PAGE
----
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Comment Re:Latency (Score 5, Informative) 159


Even with a stable framerate, this technique intentionally delays the next frame to add compensation frames.

As an example, let's have a magic VR helmet running at 120Hz and instant processing (ie, 0ms GTG time, which doesn't exist) and a video card capped at a perfectly stable 30 FPS (aka 30Hz).

We will split a second into ticks - we'll use the VR helmet's frequency of 120 Hz, so we have 120 ticks, numbered 1 to 120. (Just to annoy my fellow programmers!)

We therefore get a new actual frame every 4th tick - 1st, 5th, 9th, etc.

Without motion compensation, we would display a new frame every 4th tick - 1st, 5th, 9th, etc.
With ideal (instant) motion compensation, we can't compute a transition frame until we have the new frame. So we could, theoretically, go real frame #1 on 1st tick, computed frame based on #1 and #2 on 5th tick, real frame #2 on 6th tick, computed frame based on #2 and #3 at 9th tick, etc.

This would also be jerky - 2 motion frames then 3 at rest? We could push the frames back a tick and fill the interval with three compensation frames, but then we increase the delay, which is always higher than this example (and is multiplicative). So we'd have frame #1 at 5th tick, computed frames at 6th/7th/8th, frame #2 at 9th tick, etc. You've now introduced a minimum 4 tick delay, which at 120Hz is 1/30 of a second, or 33ms! To an otherwise impossibly-perfect system!

What about historical frames instead to PREDICT the next blur? Well, then, when something in-game (or, really, on screen) changes velocity, there would be mis-compensation. (Overcompensating if the object slows, undercompensating if it speeds up, and miscompensation if direction changes).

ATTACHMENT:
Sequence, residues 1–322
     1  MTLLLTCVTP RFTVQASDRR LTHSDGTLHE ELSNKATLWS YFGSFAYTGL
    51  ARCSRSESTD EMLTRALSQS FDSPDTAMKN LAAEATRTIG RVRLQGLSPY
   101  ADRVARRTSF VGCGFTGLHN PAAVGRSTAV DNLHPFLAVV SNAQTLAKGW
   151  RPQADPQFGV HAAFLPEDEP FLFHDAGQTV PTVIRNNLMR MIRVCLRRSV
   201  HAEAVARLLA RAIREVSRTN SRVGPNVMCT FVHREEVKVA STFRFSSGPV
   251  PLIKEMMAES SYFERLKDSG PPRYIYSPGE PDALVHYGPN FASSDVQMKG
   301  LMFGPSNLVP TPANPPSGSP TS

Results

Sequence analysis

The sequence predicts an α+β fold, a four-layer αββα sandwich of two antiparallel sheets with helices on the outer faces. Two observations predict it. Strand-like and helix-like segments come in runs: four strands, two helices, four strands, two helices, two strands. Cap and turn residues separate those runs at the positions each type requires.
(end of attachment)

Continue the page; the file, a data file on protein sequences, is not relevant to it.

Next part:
There's more problems, too:
- This doesn't help when the video card frameskips/dips.
- Instant GTG and instant motion frame computation do not exist. At best, they're sub-tick, but you'd still operate on the tick.
- Input delay already exists for game processing, etc.
- Increased input delay perception would be exponential to the actual length of the delay. For example, 1-2ms between keypress and onscreen action? Hardly notable. 50ms delay just to start registering a motion on screen and course correct? Maybe OK, maybe annoying. 150-200ms? Brutal.

Comment Re:Or just sign your own (Score 1) 72

No, there's another big difference. First time visitors, if they are visiting a site with a non-trusted key, are asked about it, right? Sounds good, right?

The point of SSL is to ID a server as a certain server. Let's say you do ecommerce, and your very own pages explain this behavior away. Great idea, until your domain get hijacked (registrar isn't paid, DNS spoof, etc). Lo and behold, users come to expect this behavior, and click away.

This is the key fact, however. You need someone you can trust - a third party that puts a huge amount on the line - to certify that the server is who it says it is.

CACERT is a potential answer, but it needs to be integrated into Firefox and IE. But you do need that 3rd party authority. Otherwise, you it's like someone sending you an IM saying, "Hey, I'm me. What's you password/credit card/SSN?"

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